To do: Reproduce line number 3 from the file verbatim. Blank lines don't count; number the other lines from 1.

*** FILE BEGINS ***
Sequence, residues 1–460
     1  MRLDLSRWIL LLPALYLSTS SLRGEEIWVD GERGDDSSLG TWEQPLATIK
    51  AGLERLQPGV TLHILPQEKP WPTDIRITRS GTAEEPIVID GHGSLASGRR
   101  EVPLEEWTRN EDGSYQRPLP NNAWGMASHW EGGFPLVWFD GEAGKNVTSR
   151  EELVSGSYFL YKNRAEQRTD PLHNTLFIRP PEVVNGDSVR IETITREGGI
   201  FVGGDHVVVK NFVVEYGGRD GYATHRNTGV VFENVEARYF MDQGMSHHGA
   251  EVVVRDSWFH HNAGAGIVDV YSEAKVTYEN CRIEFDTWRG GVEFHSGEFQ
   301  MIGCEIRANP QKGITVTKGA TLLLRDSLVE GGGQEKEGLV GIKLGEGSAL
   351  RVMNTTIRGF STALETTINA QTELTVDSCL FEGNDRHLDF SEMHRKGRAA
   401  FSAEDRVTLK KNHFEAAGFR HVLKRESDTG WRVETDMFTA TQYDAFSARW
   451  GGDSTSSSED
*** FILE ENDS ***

    51  AGLERLQPGV TLHILPQEKP WPTDIRITRS GTAEEPIVID GHGSLASGRR